The survey also asked respondents what their first thoughts are when they see an ad from an oil company. The majority of respondents answered by referring to the environment, saying either that oil companies should care more about the environment or that oil companies should help support the development of renewable energy sources. One respondent went as far as to say, “I think it is ridiculous propaganda full of half-truths,” which addresses the lack of trust the public might have toward both the industry and the ads. Another respondent mentioned that oil companies “should be putting more emphasis on the many uses of oil and how it really impacts people on a daily basis.”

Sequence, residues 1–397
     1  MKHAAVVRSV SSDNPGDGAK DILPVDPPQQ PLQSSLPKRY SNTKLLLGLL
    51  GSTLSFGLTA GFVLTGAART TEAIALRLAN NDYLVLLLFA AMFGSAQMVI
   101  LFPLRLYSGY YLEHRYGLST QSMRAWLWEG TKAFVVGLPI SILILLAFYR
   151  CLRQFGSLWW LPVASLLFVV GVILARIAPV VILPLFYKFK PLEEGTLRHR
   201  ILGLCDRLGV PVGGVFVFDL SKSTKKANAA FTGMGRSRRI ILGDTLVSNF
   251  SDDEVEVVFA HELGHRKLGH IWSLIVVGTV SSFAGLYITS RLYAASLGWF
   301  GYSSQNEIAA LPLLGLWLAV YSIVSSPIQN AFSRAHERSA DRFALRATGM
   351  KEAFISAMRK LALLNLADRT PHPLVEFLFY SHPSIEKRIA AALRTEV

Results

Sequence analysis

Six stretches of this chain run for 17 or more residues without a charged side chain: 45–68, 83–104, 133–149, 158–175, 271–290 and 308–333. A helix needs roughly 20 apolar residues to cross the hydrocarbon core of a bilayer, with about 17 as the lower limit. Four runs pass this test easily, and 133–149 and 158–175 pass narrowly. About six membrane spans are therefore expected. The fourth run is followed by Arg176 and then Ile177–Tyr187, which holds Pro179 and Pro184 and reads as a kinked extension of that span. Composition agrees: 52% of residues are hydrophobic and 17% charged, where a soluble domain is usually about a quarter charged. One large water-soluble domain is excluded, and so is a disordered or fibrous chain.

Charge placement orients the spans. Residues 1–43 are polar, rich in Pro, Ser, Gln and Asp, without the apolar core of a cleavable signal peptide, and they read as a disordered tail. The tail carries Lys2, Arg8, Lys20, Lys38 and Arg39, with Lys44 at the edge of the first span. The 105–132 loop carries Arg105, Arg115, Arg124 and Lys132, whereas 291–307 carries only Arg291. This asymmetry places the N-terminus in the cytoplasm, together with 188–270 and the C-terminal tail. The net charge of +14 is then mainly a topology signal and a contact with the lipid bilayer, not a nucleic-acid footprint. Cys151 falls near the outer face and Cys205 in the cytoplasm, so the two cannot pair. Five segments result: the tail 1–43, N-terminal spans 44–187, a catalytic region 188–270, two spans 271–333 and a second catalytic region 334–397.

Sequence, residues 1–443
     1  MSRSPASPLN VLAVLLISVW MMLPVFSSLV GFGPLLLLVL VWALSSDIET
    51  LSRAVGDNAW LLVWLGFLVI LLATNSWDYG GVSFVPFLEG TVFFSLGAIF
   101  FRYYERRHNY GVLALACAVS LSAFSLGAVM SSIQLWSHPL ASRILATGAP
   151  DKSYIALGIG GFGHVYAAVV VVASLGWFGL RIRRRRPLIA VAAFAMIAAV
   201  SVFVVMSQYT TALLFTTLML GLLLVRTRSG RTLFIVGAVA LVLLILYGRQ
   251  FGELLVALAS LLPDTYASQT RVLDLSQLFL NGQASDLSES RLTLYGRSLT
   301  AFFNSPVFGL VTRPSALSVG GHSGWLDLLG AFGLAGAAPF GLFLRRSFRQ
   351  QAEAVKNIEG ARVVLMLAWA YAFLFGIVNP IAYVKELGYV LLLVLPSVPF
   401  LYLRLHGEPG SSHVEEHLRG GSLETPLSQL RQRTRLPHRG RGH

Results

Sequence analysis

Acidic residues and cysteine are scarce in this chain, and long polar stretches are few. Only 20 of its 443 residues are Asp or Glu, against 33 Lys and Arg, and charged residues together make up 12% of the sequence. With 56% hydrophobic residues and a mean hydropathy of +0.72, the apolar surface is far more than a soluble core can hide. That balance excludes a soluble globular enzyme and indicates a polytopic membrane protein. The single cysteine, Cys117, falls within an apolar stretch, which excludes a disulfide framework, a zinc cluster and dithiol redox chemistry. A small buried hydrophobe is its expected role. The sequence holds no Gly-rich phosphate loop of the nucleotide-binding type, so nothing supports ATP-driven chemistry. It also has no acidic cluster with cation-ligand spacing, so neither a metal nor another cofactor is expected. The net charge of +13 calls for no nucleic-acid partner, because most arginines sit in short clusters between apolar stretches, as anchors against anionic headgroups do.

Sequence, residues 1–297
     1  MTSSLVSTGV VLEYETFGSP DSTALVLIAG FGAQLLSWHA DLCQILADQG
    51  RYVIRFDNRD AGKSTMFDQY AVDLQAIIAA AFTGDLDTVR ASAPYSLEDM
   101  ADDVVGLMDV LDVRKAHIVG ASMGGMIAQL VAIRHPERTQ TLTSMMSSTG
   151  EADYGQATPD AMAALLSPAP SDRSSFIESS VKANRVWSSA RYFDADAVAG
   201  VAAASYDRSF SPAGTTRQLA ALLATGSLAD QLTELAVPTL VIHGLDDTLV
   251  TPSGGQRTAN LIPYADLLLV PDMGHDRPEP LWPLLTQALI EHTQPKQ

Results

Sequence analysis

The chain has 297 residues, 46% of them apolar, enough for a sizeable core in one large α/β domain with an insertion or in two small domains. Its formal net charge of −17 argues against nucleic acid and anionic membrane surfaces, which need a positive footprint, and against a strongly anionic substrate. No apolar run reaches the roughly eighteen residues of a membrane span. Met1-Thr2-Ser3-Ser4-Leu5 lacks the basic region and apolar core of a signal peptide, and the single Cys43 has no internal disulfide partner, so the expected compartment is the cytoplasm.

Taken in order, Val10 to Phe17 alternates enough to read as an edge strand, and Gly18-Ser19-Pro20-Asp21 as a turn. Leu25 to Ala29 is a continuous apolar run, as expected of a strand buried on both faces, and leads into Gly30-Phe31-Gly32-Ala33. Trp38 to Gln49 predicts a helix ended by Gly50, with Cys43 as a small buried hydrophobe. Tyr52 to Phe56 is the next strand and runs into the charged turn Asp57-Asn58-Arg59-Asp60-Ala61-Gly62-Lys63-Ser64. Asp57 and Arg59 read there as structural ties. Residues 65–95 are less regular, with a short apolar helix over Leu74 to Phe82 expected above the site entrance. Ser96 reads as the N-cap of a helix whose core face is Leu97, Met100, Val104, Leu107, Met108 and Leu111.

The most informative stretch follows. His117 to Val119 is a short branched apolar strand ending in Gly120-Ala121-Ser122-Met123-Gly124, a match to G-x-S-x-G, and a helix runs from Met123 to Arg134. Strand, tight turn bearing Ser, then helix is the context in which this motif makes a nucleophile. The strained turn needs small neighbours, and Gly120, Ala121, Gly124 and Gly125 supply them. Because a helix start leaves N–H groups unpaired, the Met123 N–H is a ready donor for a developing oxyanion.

What is clear from both the Gallup survey and our survey is that the public has had a negative view of the oil industry for quite a long time. Based on our survey results, respondents (i.e., the public) seem most displeased with an apparent lack of environmental consideration oil companies incorporate into their business practices. Yet an equally compelling argument could be that a lot of public negativity toward oil stems from a lack of understanding about our economy’s pervasive reliance on oil (i.e., the end uses of oil).
Other notable arguments might be that public negativity could stem from news stories by the media that tend to portray the industry negatively and could outweigh much of oil companies’ public relations and advertising efforts. Sometimes, however, advertising can work, even in the oil industry. An example of this is the presence of BP at the London 2012 Olympics, where they showcased their title sponsorship prominently across the Olympic facilities with their bright green and yellow logo.